Steve Olsen, a member of the Mountain View Whisman school board, disagreed with Perkins. "Most people I know are not here to make it rich," he said, and offered to give Perkins a tour of the Day Worker Center.
No one disagreed with comments from Meyer and Perkins that Mountain View is no longer "the other side of the tracks," as Perkins put it, from Palo Alto and Los Altos.
"Palo Alto doesn't look at Mountain view as their poor cousin anymore," Meyer said. "Los Altos thumbs their nose at anyone from Mountain View. That is still there a little bit."
According to Perkins, it could all change.
When Indian and Chinese expatriots "stop coming to this country and see prosperity in their own country, we are going to see a lot of empty apartments around here. It is not going to stay like this forever. I think things will change into something different."
Google's take on toxins
Google officially had no comment last week about whether it would support or stand in the way of efforts to clean up the trichloroethylene (TCE) contamination under its future office sites in the North Whisman Road area, but Igoe brought the issue up during the discussion.
Igoe didn't call out toxics specifically, instead calling it "the remains" of the development of microchip.
"How do you cope with that?" he said. "Mistakes were made. We didn't learn what the impacts would be, with the infusion into the groundwater, until it was too late. Now, people have to be held accountable."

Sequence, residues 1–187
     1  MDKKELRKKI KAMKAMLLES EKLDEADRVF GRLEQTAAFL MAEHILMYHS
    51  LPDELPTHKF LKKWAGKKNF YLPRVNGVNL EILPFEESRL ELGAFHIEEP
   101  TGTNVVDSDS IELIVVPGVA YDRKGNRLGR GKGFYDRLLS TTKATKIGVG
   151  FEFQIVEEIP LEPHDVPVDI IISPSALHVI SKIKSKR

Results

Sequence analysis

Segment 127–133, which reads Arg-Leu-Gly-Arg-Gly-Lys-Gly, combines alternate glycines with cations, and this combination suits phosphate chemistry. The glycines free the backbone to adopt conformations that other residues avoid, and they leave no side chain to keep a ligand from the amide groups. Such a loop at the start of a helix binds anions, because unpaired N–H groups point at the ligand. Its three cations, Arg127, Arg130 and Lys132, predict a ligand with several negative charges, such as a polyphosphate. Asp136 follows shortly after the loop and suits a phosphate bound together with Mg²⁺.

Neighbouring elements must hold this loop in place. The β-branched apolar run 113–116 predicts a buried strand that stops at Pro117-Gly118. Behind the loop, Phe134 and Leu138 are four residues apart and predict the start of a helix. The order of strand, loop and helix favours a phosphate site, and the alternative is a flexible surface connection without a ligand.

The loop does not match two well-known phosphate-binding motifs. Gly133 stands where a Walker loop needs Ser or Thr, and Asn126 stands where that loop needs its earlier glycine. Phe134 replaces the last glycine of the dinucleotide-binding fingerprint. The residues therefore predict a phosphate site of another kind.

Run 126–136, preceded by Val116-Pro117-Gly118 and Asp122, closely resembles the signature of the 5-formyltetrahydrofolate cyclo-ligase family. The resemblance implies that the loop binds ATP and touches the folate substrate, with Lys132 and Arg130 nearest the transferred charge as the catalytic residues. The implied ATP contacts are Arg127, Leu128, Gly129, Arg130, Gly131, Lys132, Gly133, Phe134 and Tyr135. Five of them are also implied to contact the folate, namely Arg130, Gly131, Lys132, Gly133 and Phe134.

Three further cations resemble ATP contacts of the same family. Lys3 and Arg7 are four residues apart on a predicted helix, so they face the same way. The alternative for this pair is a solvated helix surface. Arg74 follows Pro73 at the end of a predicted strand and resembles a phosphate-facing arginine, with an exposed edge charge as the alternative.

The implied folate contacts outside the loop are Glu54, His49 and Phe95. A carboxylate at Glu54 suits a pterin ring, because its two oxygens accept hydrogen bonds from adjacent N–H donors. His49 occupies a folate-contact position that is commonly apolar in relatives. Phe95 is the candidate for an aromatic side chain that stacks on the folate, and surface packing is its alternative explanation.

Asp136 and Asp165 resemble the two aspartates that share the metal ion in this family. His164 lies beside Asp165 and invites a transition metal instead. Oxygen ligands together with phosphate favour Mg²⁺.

"I'm not sure how huge of an impact that is," Perkins said of the toxics, of which give off vapors that can emanate from the ground. "It's a shame you can't drink your groundwater," but he added that residents have been drinking water piped in from elsewhere for years.
In response to a question from Block to assess the biggest threat to the city's future, Greaves said people could choose to avoid environmental threats, especially by not driving cars. Such changes would require "big, cultural shifts" and "sacrifices," she said.
She noted the disagreement among Peninsula cities over the state's high-speed rail project, which would reduce short plane trips. People oppose it because the value of residential property near the proposed high-speed rail corridor is too high and "there's already a lawsuit" to stop HSR in Palo Alto, she said.
Igoe also made comments in support of improving the Peninsula's train system to get cars off Highway 101, but said that Peninsula cities had to be unified in pushing for improvements. "The only hope for salvation in the future is a unified region," he said.
By the time the event was over, nothing was overheard that could be called uncivil. Some said that now they could "put a face to the online comments."
"It doesn't have to be confrontational if we can understand that everybody has an interest," said Robert Cox, a member of the Old Mountain View Neighborhood Association, in a small group discussion. Rosenberg is an active member of the association, which found itself embroiled in a dramatic neighborhood conflict over the Minton's Lumber redevelopment project last year.
In his wrap-up, Block said he was disheartened by the lack of civility during the city's prior discussions of the Day Worker Center. He encouraged everyone to continue to have the civility roundtable events, noting that it won't necessarily get easier, but that conversations "will get better."